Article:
A look inside the former 4 Star Theater in Grand Rapids from the building's upper level. Courtesy Marcus Ringnalda
The marquee at a former neighborhood movie theater doesn’t tell the story of the building.
With pigeons nested and a tree growing out of the crumbling marquee at the former 4 Star Theater in Grand Rapids, at 1950 Division Ave. S, Marcus Ringnalda is confident the rest his new purchase is solidly built.
Ringnalda purchased the 11,000-square-foot building last week for $160,000, a little more than the building was built for in the 1930s and half of the asking price for the building nearly 25 years ago.
Now, he plans an investment of $1-$1.5 million to clean up the theater and use it as a community gathering spot for concerts, youth activities and worship space. A majority of the cost would be for a new roof, new lighting and a new heating and cooling system.
“What struck me was the ability to seat a lot of people without a lot of effort,” Ringnalda said. “The reality is, for the investment of the scale I’m looking at, it can have a powerful impact to bring hundreds of people into a space that doesn’t exist much in Grand Rapids and definitely doesn’t exist in this neighborhood.”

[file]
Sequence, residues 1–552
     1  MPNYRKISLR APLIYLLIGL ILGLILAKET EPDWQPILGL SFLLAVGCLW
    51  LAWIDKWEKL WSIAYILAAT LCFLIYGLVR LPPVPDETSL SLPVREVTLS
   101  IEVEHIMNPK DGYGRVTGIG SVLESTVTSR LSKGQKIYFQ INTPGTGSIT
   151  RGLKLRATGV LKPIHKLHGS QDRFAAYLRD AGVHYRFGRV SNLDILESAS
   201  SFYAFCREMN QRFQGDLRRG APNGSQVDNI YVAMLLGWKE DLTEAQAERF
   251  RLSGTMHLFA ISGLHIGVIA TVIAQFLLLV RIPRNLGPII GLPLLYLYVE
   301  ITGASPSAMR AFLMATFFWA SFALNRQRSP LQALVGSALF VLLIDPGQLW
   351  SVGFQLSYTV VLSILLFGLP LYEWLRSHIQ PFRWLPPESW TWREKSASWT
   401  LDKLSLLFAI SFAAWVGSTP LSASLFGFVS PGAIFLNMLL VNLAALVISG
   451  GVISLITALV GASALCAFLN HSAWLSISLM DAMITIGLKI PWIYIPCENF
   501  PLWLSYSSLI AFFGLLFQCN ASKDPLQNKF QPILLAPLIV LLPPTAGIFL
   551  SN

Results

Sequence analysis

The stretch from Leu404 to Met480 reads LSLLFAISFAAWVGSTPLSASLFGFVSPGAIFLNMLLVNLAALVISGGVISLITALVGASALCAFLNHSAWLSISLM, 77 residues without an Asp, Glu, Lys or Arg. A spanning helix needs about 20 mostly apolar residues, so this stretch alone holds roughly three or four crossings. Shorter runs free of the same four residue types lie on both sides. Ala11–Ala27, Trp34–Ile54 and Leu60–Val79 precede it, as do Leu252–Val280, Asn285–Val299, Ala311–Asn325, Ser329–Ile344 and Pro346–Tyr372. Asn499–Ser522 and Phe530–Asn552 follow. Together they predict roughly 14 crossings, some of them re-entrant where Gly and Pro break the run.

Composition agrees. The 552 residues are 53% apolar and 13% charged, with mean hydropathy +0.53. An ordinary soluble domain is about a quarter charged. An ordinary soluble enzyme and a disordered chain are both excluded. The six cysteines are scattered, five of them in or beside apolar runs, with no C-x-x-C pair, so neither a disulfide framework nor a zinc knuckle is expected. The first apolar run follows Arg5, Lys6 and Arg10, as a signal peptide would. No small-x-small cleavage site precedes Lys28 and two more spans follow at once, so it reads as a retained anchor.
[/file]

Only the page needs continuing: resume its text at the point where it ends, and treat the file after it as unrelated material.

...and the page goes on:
Ringnalda is taking on the development role for the former theater, which has been vacant for well over a decade, in addition to his full-time role at Grand Rapids-based Wolverine Building Group.
A nonprofit entity will likely be created, as Ringnalda expects he’ll have to seek alternative funding outside of bank financing.
“Anything is on the table,” he said. “The nature of the building drives it toward nonprofit use. I’m the developer, and I’ll get the lights on, but I won’t necessarily keep the lights on. I’m looking for end-use partners. I’m forging ahead, looking for grants, forming a nonprofit, crowdfunding, MEDC.
“One step at a time.”
The neighborhood is ripe for development, Ringnalda said, pointing to the investment The Rapid and city made with the Silver Line bus route, which passes right in front of the building. He likens his project to a catalytic endeavor similar to the revival of the Wealthy Theatre.
“I see something much more diverse than we see now,” he said. “I see more investment in retail and retail that fits the neighborhood, which is a Latino community.”